In a scathing remark on the goings on in the Indian political economy, Moody’s Analytics has said the government has lost its way, and cut slightly the growth projections for the country.
While the growth estimate cut is not significant the language used to explain the rational is, as it sees as it sees “little on the horizon to lift growth”.
Ringing another alarm bell for the authorities, the agency has called for immediate action on cutting diesel subsidy.
“Confidence among Indian firms has been crushed by weak demand, elevated interest rates, high inflation, and most significantly, the instability created by a weak central government that has badly lost its way,” it said.
Moody’s Analytics cut India’s GDP growth forecast for 2012 and 2013 slightly to just above 5.5 percent and 6 percent, respectively, citing a sharper-than-anticipated and broad-based slowdown and poor monsoon.
“There has been little policy response from either the Reserve Bank of India or the government and with global uncertainty dragging on, we see nothing on the horizon to lift the economy from its funk,” it has said.
It has said the recent blackout that pushed half of the country’s population into darkness is “the most graphic illustration of the infrastructure woes and regulatory
headaches that Indian firms”.
Coming down heavily on Prime Minister Manmohan Singh, it has said, “With two years left in office, Prime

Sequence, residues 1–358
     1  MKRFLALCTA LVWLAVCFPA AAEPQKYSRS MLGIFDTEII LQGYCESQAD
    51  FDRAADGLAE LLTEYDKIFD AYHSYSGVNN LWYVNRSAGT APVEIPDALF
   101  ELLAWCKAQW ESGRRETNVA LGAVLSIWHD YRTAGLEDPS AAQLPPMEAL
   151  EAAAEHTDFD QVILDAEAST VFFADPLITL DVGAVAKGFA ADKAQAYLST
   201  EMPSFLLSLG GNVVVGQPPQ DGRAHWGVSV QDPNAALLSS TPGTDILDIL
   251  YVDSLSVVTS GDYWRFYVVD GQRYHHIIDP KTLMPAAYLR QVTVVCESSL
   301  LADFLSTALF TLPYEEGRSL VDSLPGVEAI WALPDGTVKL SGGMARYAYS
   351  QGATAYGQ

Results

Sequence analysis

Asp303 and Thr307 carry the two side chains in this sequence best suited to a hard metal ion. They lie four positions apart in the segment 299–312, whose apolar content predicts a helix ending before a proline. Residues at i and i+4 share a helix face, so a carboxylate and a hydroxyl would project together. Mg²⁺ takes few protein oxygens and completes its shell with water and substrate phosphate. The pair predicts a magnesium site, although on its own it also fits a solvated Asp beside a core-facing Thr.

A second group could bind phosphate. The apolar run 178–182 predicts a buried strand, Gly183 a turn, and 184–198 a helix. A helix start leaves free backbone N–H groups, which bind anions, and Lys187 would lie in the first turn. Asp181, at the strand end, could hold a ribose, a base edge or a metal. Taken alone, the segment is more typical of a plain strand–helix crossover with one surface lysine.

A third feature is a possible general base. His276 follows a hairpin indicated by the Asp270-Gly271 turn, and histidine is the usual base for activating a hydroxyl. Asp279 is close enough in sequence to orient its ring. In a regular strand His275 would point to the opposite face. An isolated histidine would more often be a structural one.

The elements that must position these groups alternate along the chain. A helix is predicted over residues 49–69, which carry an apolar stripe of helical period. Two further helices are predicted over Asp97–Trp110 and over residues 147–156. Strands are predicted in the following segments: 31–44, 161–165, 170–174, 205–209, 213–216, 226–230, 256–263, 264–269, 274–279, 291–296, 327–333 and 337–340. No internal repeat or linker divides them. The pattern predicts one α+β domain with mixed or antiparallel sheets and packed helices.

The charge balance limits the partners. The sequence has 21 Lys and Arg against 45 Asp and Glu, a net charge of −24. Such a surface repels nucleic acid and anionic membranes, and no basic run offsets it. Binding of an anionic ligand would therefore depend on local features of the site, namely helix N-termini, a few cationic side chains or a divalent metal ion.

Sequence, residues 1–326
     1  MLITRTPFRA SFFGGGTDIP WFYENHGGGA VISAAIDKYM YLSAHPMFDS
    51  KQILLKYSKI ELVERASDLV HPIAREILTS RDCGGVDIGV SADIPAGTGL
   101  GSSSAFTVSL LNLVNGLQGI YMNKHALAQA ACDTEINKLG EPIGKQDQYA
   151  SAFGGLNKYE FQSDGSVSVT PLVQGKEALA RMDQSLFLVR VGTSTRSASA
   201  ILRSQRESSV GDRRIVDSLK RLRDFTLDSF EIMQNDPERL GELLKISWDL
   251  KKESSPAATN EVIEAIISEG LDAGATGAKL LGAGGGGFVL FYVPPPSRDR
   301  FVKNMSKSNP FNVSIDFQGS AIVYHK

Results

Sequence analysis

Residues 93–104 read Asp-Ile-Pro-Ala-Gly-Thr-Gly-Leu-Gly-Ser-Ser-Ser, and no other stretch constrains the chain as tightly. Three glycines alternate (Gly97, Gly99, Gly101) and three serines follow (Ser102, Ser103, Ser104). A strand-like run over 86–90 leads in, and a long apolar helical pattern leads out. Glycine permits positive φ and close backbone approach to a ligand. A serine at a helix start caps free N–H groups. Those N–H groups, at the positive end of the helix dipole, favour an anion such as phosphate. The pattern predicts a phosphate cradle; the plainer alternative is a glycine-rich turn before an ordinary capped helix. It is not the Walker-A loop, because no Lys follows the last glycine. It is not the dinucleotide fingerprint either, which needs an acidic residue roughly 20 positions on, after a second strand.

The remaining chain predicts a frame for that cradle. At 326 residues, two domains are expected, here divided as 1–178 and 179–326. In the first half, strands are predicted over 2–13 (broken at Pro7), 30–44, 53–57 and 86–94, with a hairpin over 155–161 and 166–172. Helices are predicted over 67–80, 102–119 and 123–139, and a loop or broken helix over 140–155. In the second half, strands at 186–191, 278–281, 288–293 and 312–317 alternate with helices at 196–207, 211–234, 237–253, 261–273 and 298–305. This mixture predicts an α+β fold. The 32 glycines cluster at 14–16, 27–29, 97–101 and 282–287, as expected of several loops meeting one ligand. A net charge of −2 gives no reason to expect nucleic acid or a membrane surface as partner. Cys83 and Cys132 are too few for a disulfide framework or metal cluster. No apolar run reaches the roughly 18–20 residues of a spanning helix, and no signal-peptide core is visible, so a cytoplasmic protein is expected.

Minister Manmohan Singh must turn things around quickly or risk becoming a lame duck for the remainder of his term, leaving behind a legacy of missed opportunity.
The agency is not enthused about the recent pep talk by Finance Minister P Chidambram either. The government’s aim is to trim fiscal deficit from 5.8 percent to 5.1 percent of GDP in the 2012-13. "This relies on some overly optimistic growth projections. These targets will be badly missed unless decisive action is taken,” it said, adding the simplest and most urgent matter is to curb the government’s diesel subsidy programme. The subsidy favours India’s middle class, rather than the poor.
“It would help to close the fiscal shortfall and perhaps most importantly, it would send a strong message that the government is willing to reengage in politically unpopular reforms with a longer‐term payoff,” it said. The Indian economy has continued to slow through the middle of 2012 as turbulent global conditions and domestic policy missteps weigh on confidence and demand. The cycle is proceeding broadly as expected, with GDP growth bottoming around midway through the year.